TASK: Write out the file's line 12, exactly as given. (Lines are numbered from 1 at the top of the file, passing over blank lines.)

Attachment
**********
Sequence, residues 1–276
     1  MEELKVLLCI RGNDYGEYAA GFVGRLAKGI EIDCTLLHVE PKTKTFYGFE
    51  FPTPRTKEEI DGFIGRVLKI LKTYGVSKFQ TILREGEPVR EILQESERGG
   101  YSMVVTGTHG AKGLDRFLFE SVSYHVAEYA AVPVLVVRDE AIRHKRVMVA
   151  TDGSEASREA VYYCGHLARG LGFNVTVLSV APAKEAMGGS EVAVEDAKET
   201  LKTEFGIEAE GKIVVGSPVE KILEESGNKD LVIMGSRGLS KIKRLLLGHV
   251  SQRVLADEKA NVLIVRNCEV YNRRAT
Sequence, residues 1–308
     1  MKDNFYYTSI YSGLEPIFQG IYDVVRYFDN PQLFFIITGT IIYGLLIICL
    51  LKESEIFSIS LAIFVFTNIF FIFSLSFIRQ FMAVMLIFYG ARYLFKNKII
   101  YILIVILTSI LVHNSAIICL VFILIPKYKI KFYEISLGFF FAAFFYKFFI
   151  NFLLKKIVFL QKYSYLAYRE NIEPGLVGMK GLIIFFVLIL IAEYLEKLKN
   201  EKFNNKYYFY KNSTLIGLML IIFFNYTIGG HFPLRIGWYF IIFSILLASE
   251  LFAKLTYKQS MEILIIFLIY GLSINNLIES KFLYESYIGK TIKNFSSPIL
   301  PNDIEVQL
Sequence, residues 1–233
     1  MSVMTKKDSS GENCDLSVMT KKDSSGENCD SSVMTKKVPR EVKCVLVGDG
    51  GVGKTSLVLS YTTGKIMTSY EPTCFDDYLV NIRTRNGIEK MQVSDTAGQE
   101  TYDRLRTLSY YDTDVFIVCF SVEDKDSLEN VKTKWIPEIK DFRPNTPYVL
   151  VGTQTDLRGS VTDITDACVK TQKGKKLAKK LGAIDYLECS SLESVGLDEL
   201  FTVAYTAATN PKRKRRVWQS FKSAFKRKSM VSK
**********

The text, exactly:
   151  NFLLKKIVFL QKYSYLAYRE NIEPGLVGMK GLIIFFVLIL IAEYLEKLKN